tutorial – fixing my mr Greenjeans

Fixing my mr Greenjeans cardigan

This project has quite the backstory, so I’ll get started to get you up to speed. Back in 2011 I bought 2 batts of Texeler wool, each a whopping 200 g. One was cyclamen pink, the other more pink & purple. I spun each of these into singles, and twined them into an (on average) 2-ply DK-weight yarn. Unfortunately, I don’t have any pictures of the resulting yarn to show you.

Anyway, I decided to use this yarn to make myself a Mr Greenjeans cardigan, which is a pattern by Amy Swenson, available for free on Knitty. When I started the project, it was just after my youngest was born, and I was still breastfeeding. I expected to lose some weight because of that, so I aimed at a size to end up eventually with a garment with approx. 0 cm / 0″ of ease. Things going as they go, I didn’t finish the project until sometime in 2013. By then I had lost so much baby weight that my mr Greenjeanshad a whopping 14 cm / 5.6” of positive ease! Nevertheless, I put it in my closet and wore it from time to time.

Below you can see how I wore it at the time. I didn’t even make the effort to sew a button on, I just closed it with a shawl pin.

Wearing mr Greenjeans in 2013

Fast-forward to July 2021: Looking back, I really haven’t worn this garment that much. You see, it turned out to be very warm. So warm, in fact, that I only wore it on the coldest days of the year. That combined with the 3/4th length sleeves made it rather unpractical to wear for me. But, I realized that the pink yarn I bought in Greece a couple of years ago, is a lovely match with this cardigan!

So, long story short, I hatched the plan to fix my mr Greenjeans by undoing the bind-off, work in stockinette until the hand spun is finished and then redo the cuffs with the pink yarn. And I made pictures of what I did!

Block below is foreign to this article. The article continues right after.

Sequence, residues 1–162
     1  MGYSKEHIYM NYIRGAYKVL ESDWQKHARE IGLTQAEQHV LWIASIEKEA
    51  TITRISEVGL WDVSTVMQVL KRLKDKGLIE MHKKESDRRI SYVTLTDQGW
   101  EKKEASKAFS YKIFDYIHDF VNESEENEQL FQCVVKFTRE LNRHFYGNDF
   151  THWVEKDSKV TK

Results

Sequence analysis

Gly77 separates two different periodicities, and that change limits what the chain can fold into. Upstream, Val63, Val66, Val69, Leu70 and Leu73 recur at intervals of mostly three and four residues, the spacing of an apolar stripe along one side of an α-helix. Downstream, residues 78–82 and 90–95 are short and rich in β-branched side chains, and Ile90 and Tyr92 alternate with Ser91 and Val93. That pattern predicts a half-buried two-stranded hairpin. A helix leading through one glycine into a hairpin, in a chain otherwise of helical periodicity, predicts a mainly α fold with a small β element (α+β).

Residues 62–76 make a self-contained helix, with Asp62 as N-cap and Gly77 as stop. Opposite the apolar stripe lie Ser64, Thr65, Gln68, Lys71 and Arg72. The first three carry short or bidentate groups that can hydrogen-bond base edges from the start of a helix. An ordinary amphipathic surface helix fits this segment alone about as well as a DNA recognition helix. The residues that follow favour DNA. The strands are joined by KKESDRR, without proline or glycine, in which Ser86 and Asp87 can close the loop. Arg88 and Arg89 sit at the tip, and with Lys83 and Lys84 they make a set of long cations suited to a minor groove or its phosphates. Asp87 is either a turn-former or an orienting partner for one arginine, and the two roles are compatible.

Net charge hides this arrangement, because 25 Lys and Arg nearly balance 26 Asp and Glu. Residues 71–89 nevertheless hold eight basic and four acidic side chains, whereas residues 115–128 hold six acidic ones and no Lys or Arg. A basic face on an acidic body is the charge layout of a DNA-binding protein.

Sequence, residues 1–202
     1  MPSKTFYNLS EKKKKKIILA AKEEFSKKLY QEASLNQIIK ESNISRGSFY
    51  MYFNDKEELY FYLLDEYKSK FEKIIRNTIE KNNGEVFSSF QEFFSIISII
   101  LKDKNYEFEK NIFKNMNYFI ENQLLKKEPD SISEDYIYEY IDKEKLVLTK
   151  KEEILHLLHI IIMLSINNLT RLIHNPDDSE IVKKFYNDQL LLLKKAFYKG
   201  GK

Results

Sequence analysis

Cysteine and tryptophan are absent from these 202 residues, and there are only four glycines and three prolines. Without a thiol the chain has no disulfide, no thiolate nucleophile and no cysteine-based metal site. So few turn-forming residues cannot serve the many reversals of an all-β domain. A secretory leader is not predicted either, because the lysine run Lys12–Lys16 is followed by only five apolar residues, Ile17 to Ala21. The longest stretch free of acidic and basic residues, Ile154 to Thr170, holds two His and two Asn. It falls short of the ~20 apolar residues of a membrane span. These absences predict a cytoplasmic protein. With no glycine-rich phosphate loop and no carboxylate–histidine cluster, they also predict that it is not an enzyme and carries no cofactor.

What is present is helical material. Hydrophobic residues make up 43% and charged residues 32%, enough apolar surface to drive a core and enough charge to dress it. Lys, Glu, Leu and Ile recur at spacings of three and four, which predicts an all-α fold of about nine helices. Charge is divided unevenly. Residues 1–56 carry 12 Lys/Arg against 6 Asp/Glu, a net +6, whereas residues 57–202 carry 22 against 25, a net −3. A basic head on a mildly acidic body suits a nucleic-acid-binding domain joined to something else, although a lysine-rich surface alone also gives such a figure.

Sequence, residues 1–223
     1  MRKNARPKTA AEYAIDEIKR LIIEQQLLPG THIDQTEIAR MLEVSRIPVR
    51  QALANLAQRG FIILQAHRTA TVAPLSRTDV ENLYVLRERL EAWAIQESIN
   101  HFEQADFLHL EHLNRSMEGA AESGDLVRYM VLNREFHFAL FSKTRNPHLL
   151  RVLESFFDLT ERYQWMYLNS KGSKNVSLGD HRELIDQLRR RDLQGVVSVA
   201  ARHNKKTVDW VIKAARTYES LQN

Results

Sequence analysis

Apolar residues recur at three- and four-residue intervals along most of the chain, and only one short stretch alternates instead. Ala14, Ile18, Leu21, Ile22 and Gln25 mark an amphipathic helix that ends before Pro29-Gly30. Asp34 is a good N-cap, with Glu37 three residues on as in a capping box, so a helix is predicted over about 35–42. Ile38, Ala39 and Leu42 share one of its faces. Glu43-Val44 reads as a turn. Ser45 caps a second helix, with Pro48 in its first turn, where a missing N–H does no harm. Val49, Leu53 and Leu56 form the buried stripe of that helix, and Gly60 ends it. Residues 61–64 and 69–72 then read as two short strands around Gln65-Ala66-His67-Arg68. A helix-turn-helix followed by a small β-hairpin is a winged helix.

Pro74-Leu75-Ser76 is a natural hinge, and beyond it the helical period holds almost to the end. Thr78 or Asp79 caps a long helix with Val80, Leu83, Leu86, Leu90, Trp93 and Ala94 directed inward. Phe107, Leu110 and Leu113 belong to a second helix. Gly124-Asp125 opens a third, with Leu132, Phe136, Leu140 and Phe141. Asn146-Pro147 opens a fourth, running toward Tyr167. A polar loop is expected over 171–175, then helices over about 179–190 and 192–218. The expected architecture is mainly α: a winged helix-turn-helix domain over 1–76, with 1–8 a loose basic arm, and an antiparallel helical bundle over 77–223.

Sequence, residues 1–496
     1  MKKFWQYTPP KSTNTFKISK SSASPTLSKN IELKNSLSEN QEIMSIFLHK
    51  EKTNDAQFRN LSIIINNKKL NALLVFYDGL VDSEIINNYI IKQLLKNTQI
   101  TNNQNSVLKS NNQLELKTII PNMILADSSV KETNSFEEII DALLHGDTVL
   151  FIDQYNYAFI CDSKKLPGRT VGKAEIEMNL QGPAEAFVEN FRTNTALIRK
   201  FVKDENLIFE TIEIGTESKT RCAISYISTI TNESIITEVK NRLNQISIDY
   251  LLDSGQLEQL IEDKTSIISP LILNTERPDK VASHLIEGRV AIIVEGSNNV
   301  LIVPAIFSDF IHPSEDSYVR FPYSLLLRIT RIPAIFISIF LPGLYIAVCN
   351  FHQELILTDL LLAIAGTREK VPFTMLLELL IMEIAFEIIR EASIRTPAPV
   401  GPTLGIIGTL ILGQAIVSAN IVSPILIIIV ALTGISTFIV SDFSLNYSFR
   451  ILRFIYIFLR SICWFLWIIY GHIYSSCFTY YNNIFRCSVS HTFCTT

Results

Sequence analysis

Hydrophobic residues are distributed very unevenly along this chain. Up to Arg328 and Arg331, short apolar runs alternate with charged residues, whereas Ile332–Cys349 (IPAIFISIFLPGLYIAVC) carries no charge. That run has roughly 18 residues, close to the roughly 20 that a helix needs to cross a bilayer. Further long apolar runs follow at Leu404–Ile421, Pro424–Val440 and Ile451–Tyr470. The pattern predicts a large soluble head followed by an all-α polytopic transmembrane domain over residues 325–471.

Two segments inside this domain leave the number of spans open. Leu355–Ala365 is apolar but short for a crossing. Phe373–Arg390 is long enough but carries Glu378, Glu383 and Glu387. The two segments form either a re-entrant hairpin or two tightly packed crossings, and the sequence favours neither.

Fixing my mr Greenjeans step by step

  1. Undoing the bind-off and unraveling the cabled cuffs.

    The original yarn tail was, of course, woven in. However, with some smart and careful snipping, I managed to unravel the bind-off and then rip back the knitting to the point where the stockinette stopped.Step 1

  2. Re-knitting the hand spun yarn.

    I put the stitches on a tiny circular needle, and continued the stockinette section of the sleeve until I couldn’t work another round. And yes, I kept track of the number of rounds to be able to duplicate it for the other sleeve.Step 2

  3. No more round possible!

    I made a total of 18 extra rounds of stockinette in the hand spun yarn.Step 3

  4. The next step consisted of re-knitting the cabled cuff in the somewhat matching pink yarn.

    Here I made 29 rounds to arrive at a cozy long sleeve length.Step 4

  5. Repeat steps 1 to 4 for the other sleeve!

    Step 5

And this is the result of foxing my mr Greenjeans!

The new and improved mr Greenjeans

As you can see, I found a button in the very same pink as the contrast yarn, and actually sewed it on. To tie everything together, I also did some slip stitching along all outer edges of the cardigan. In my next tutorial, I’ll show you how to work slip stitches as an edge treatment!

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